Discussion, discourse, and creative insight through STIRring conversations in 2022
by Jincy IypeDec 27, 2022
•make your fridays matter with a well-read weekend
by Devanshi ShahPublished on : Jul 26, 2021
What do art and design fairs hope to achieve? The past decade has seen an increase in festivals, fairs and biennales across the world. This has also led to a concurrent conversation that questions the validity and importance of these large-scale events. While the conversation is still ongoing, it has encouraged the events to reinterpret their formats. The inaugural Mexico Design Fair (MDF) is one such event. Challenging the scale typically associated with design events, MDF was conceptualised as an intimate event for a select group of design collectors to experience a carefully curated selection of design objects that epitomise contemporary Mexican design.
The central exhibition was meticulously curated to present contemporary design objects and collections before they become publicly accessible. These objects became the central narrative through which one can experience the fair. This was further enhanced by the location of the fair itself. Hosted at Casa Naila, designed by Alfonso Quiñones, in Oaxaca, Mexico, the location had the additional benefit of being surrounded by a 20,000 square feet private beach. This location itself set the fair apart. As opposed to seeing these objects of design in stalls, visitors got to experience them in a residential context. Casa Naila is made up of four fragmented volumes attached to the corners of a rectilinear plan. With two open central thoroughfares that separate the spaces, the structure has a dynamic transition between the indoor and external spaces.
The exhibition design used this spatial quality to frame the object driven narratives within the context of a home as opposed to a stall. While the main exhibition, which consisted of 13 carefully selected Mexican designers and studios, were contained within Casa Naila, two larger installations occupied the beachfront. In the main exhibition, visitors experienced design by studios such as the Breuer Studio, which is known for their experimental approach to spatial design, and Casa Gutiérrez Nájera, a design gallery based in Querétaro. Some of the other designs included Colectivo 1050º, a potters cooperative representing more than 50 artisans from seven regions in Oaxaca, who hope to highlight the versatility and history of the different styles and methods of working with clay. Sombra, an architectural lighting design brand based in Mexico City, combined the poetics and the practicality of light and shadow.
On the beach, Pablo Kobayashi’s Wind installation was integrated into the festival to help visitors understand how an installation can interact in the geographical context of its location. The form of the installation was inspired by Torricelli’s trumpet profile. Playing with the trumpet’s original spatial paradox, to create a finite volume with an infinite area, the installation plays with the idea of the double. Using the geometry of a catenary curve the piece is transformed based on the climatic conditions. Using multiple degrees of transparency, and engaging Casa Naila’s curvilinear roof, the installation simulated the movements of the wave.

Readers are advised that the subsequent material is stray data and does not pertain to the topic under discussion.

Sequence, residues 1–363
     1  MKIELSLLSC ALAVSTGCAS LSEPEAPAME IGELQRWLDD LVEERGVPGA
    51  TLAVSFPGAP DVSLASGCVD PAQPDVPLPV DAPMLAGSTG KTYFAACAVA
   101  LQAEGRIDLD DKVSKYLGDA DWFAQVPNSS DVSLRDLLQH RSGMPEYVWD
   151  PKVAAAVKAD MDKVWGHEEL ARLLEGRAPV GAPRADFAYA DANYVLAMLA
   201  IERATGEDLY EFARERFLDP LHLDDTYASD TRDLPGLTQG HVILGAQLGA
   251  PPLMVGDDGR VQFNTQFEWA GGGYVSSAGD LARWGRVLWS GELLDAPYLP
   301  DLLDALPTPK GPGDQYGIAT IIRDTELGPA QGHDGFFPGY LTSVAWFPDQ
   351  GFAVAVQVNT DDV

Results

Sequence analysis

In line with the fair’s prerogative to approach architecture and design from a different perspective, Mexico Design Fair hosted Luz Coordinada by Proyector. An ephemeral installation, the title of the project translates to coordinated light and is a homage to the pyrotechnic tradition of Mexico. The piece is based on four principles: time, control, manufacture, and registration. The focus of the installation was not on the physical completion of the structure but rather on the activity generated during its controlled burning. Here the design process continued after the physical structure has been created. Designed by Tania Tovar Torres and Juan Carlos Espinosa Cuock from Proyector, the project was developed in a collaborative process between Proyector and the fireworks workshop of the Martínez family, from Salamanca, Guanajuato.
One of the highlights of the event was the announcement on the Designer of the Year. In a unanimous decision made by the jury, the Designer of the Year was awarded to Mexican designer, Liliana Ovalle. The jury consisted of Lourdes Baez, Hector Rivero Borrell, Eduardo Cadaval and Grisell Villasana, who reviewed over 40 profiles before making their decision. According to Villasana, some of the aspects that attributed to Ovalle’s commendation were, "Her courage to develop a career in Mexico and abroad simultaneously; her interaction, as a design provider, with different international brands and firms; the collaborative approach she’s had with artisans in her work; as well as her academic and teaching trajectory." Exploring an alternate format for collectors to experience fairs, the MDF is slated to be an annual event with plans for the next iteration already underway.
The MDF Designer of the Year award ceremony was held on May 22 at Casa Naila, during MDF Mexico Design Fair’s first edition which took place from May 21-23, 2021, in Puerto Escondido, Oaxaca.
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